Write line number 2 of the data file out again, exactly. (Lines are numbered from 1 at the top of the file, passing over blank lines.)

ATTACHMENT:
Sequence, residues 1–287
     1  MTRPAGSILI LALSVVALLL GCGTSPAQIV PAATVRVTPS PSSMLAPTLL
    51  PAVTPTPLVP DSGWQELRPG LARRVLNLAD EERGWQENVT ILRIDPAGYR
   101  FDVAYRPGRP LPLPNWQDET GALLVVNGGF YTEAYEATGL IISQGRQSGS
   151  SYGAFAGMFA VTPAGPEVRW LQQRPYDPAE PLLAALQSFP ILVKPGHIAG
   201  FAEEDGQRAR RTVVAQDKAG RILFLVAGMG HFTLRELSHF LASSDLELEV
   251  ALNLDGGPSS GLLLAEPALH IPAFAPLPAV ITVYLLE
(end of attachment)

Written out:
     1  MTRPAGSILI LALSVVALLL GCGTSPAQIV PAATVRVTPS PSSMLAPTLL